The life of Samuel Johnson, would-be attorney-at-law

By Richard Cohen

Toward the end of his life, Samuel Johnson drew up a list of subjects that he would like to research. He projected forty-nine works in all; none was on any aspect of the law. According to James Boswell, Johnson’s celebrated biographer, almost the only subjects sure to…

Self-help for your mind from centuries ago

By Julia Bourke

They may have been founded in 1098, but the Cistercian order in France still managed to anticipate one of the most exciting discoveries of modern science. Known as the “white monks” because of their habits of undyed sheep’s wool, the Cistercians envisaged religious life as a process…

How fasting rewired my brain

By Beau Friedlander

Here’s what happened when I didn’t eat for prescribed periods of time: it affected every cell in my body, and my mind started working better. I can’t prove any of this. There’s science out there that might explain it, but that work is far from settled.

A…

Notes from a high-wire artist

By Philippe Petit

A void like that is terrifying. Prisoner of a morsel of space, you will struggle desperately against occult elements: the absence of matter, the smell of balance, vertigo from all sides, and the dark desire to return to the ground, even to fall. …

The marriage of twentieth-century avant-gardists Arthur Cravan and Mina Loy was blissfully happy — until his mysterious disappearance

By Emma Garman

When the surrealist hero and sometime pugilist Arthur Cravan vanished off the coast of Mexico at the age of thirty-one, both the man and the circumstances lent themselves to speculation that he’d faked his own death. Born Fabian Avenarius Lloyd in Switzerland to Anglo-Irish parents, Cravan spent…

A history of humans trying and failing to understand the minds of apes

By Ferris Jabr

Around 500 BC, the Carthaginian explorer Hanno the Navigator guided a fleet of sixty oared ships through the Strait of Gibraltar and along the northwest lobe of the great elephant ear that is the African continent. Toward the end of his journey, on an island in a…

The correspondence of René Descartes and Princess Elisabeth of Bohemia — a debate about mind, soul, and immortality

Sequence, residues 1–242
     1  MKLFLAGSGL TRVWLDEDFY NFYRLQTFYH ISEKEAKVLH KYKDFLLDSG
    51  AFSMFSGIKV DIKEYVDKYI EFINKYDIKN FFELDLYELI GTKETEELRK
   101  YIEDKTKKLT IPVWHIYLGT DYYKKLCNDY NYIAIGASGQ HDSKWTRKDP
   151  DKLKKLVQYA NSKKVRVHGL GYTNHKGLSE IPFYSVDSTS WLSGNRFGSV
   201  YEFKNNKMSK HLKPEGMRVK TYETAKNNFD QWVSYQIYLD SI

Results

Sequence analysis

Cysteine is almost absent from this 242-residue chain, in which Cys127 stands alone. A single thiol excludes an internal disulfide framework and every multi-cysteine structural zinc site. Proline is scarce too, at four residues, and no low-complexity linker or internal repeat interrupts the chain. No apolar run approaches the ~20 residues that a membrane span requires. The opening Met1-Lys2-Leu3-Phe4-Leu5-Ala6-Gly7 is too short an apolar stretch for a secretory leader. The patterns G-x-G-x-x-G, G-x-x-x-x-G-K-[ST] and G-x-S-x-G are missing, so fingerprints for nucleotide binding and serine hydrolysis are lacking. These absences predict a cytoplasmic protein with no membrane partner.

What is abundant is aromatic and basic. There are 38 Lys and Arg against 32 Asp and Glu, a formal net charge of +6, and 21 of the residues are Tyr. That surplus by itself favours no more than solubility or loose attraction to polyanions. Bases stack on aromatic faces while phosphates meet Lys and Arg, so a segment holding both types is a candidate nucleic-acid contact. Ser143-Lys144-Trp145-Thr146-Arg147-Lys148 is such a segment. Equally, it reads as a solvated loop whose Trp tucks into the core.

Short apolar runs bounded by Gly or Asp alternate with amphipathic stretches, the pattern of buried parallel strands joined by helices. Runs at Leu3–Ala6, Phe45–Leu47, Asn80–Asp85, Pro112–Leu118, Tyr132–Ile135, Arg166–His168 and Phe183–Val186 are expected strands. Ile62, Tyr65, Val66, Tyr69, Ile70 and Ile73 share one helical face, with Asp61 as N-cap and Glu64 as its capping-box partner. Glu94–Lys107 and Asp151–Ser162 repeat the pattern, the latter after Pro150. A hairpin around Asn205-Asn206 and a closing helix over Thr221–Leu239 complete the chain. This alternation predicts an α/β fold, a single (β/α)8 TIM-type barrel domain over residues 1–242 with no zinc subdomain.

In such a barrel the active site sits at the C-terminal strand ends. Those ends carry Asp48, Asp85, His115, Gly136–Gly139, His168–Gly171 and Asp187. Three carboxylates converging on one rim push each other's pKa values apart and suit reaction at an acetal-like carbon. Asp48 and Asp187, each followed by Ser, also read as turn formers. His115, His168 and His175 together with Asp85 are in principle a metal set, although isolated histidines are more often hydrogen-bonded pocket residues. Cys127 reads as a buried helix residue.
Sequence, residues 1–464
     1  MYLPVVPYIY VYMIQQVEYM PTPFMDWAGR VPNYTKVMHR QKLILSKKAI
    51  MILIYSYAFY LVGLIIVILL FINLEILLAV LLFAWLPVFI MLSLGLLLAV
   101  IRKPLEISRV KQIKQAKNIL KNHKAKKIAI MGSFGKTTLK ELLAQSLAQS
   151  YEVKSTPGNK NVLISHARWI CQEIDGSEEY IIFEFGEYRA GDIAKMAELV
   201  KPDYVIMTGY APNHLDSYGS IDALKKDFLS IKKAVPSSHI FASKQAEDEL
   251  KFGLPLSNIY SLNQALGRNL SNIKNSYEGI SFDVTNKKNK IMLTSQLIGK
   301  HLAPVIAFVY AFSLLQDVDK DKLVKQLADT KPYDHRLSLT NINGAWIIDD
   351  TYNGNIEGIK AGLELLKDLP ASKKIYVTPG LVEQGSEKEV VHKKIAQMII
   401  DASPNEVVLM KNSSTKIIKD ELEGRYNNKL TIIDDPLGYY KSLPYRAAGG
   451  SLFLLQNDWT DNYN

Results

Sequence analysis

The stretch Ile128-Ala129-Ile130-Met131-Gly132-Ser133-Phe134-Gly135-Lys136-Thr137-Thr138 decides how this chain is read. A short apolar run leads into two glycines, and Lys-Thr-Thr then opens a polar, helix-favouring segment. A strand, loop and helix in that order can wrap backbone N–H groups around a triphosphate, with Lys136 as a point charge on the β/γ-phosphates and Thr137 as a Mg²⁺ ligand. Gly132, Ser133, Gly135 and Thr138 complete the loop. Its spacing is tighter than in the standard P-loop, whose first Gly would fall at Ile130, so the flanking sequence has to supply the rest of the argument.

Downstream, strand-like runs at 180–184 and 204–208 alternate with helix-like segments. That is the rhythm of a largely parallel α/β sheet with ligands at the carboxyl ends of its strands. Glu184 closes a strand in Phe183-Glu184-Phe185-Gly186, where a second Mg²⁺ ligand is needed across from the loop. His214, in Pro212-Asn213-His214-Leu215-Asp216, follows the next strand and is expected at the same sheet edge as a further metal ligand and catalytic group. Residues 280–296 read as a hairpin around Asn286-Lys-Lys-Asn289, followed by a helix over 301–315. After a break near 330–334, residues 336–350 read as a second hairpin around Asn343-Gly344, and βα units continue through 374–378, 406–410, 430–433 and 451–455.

By Anthony Gottlieb

There is an “official theory” about the nature of minds that “hails chiefly from Descartes,” wrote Gilbert Ryle, an Oxford philosopher. According to the theory, each person has a mind that is a private, inner world. It has no spatial dimensions and is not subject to laws…

A neighborhood along the Underground Railroad

By Alex Green

A s long as it has existed, Waltham, Massachusetts, has been a place where outsiders quietly come and go. Bisected by the Great Road, it was once one of few stops on the journey west from Boston to the Massachusetts frontier, nine miles out from the city…

The American democracy and dream are the building of castles in air. Whither goeth the one so goeth the other, these days up in smoke and the spout.

By Lewis H. Lapham

You can tell the ideals of a nation by its advertisements.
— Norman Douglas

There may not be an “American character,” but there is the emotion of being American…that feeling…of nostalgia for some undetermined future when man will have improved himself beyond recognition and when all…

David Reich’s genetics lab unveils our prehistoric past

By Ron Rosenbaum

“It’s like the discovery of the New World,” David Reich tells me. “Everything is new, nobody’s looked at it in this way before, so how can things not be interesting?”

The excitement surrounding David Reich’s ancient genetics lab at Harvard Medical School is almost palpable. Journals like…

Lapham’s Quarterly

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